People forget that the percentage of Muslims in a country like the Netherlands is more then twice that of the UK.
            It might be that people simple object less due to less exposure.
            Why be against something you have had no interaction with?

      • Colin Brace says:

        > Recent research in the UK showed that it’s areas with low levels of immigrants
        > that are the most intolerant: ignorance is fear is hate.

        This is very much the case as well here in the Netherlands. Geert Wilders owes his most support to voters in parts of the country with the lowest levels of immigrants, notably the province of Limburg. In other words, those hicks are voting for Wilders to protest problems that we in vibrantly multicultural cities like Amsterdam don’t have.

        • Rohland says:

          I think it’s important to mention in this that Almere a city build next to Amsterdam in the reclaimed Flevo polder has over the years absorbed hundreds of thousands of former residents of Amsterdam, a city who’s population has declined from 1 million to around 700,000 in the last decades.And in this city Almere during the local elections the PVV became the largest party.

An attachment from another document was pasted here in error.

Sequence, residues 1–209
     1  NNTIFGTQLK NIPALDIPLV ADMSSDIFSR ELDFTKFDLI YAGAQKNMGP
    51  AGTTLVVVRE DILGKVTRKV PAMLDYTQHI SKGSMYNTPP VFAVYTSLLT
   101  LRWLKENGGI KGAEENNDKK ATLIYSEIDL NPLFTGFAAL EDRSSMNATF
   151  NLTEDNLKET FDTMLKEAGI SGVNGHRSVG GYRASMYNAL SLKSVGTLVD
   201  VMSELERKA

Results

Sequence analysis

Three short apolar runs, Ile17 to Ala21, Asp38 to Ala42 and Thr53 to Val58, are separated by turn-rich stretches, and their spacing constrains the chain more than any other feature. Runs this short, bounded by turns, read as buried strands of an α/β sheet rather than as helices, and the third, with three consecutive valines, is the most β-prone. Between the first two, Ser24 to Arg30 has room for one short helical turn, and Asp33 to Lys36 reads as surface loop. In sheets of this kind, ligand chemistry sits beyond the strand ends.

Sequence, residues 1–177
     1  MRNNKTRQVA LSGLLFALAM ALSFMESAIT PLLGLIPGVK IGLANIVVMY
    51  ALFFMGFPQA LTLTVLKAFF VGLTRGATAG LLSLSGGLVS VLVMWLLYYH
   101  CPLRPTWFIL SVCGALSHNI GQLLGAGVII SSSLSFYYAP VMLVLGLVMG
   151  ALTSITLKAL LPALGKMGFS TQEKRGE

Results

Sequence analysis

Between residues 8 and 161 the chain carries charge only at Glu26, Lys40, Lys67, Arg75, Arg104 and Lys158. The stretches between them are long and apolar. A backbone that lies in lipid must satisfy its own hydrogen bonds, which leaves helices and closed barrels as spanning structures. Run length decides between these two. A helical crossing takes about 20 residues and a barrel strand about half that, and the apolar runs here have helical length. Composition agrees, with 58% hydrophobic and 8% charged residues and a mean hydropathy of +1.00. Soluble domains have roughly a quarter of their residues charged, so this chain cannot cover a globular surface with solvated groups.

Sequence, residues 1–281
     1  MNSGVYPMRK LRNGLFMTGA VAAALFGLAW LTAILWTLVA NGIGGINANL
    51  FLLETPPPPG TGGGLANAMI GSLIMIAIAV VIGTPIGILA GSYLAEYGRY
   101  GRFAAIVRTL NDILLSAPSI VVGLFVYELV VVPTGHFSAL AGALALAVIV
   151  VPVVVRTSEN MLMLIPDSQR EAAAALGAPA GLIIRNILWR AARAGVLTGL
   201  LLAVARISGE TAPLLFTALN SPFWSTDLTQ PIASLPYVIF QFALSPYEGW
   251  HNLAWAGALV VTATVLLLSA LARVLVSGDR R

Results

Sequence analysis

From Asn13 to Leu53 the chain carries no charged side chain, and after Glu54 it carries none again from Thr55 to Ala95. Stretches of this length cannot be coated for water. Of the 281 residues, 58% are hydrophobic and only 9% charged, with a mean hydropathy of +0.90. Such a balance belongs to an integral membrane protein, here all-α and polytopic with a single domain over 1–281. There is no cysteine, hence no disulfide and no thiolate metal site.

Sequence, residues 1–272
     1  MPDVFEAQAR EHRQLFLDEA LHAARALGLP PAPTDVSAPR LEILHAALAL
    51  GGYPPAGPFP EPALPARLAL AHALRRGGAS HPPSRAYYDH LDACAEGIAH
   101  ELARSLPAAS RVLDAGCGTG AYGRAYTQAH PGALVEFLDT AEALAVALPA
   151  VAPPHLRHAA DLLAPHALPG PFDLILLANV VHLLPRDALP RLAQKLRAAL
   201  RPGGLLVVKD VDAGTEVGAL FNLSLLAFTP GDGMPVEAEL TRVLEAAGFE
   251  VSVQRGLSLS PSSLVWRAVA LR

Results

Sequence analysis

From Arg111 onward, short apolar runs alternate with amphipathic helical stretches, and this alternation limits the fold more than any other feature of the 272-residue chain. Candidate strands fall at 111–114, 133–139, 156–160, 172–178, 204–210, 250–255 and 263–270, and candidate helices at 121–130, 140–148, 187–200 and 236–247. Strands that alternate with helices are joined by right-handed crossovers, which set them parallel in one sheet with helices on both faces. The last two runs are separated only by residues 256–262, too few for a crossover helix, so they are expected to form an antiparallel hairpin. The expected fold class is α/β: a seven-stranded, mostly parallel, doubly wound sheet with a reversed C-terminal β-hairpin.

This process of so called white flight continues to this day.
          One of the reasons people in rural areas vote for the PVV is exactly because they don’t want there cities and villages turned into copies of Amsterdam.
          And that in Amsterdam half the population is of non-Western origins which is a very significant demographic and accounts for a significant voting block.
          This is the case is most large cities in the Netherlands. In Rotterdam this is the most visible with the population basically split in half one block voting livable Rotterdam the former party of Pim Fortuyn and the other half voting for the labour party.

  2. Peter Mair says: